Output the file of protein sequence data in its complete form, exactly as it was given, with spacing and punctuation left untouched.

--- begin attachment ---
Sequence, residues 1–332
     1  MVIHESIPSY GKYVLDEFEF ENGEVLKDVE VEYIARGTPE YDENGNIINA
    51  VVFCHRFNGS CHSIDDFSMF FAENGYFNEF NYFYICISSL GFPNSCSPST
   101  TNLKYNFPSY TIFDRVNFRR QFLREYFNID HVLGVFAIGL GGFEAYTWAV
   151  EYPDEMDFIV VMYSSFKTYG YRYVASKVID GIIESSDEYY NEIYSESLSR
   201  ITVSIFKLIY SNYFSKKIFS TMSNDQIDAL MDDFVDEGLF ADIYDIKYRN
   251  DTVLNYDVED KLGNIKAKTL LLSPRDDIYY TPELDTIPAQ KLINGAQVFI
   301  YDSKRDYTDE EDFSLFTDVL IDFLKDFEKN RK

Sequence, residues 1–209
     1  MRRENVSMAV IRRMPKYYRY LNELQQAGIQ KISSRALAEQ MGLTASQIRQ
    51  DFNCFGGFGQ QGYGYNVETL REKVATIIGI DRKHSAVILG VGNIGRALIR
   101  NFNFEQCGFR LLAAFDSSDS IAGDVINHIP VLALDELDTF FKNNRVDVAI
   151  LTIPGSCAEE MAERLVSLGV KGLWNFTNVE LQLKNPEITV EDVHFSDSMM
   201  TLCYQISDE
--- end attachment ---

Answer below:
Sequence, residues 1–332
     1  MVIHESIPSY GKYVLDEFEF ENGEVLKDVE VEYIARGTPE YDENGNIINA
    51  VVFCHRFNGS CHSIDDFSMF FAENGYFNEF NYFYICISSL GFPNSCSPST
   101  TNLKYNFPSY TIFDRVNFRR QFLREYFNID HVLGVFAIGL GGFEAYTWAV
   151  EYPDEMDFIV VMYSSFKTYG YRYVASKVID GIIESSDEYY NEIYSESLSR
   201  ITVSIFKLIY SNYFSKKIFS TMSNDQIDAL MDDFVDEGLF ADIYDIKYRN
   251  DTVLNYDVED KLGNIKAKTL LLSPRDDIYY TPELDTIPAQ KLINGAQVFI
   301  YDSKRDYTDE EDFSLFTDVL IDFLKDFEKN RK

Sequence, residues 1–209
     1  MRRENVSMAV IRRMPKYYRY LNELQQAGIQ KISSRALAEQ MGLTASQIRQ
    51  DFNCFGGFGQ QGYGYNVETL REKVATIIGI DRKHSAVILG VGNIGRALIR
   101  NFNFEQCGFR LLAAFDSSDS IAGDVINHIP VLALDELDTF FKNNRVDVAI
   151  LTIPGSCAEE MAERLVSLGV KGLWNFTNVE LQLKNPEITV EDVHFSDSMM
   201  TLCYQISDE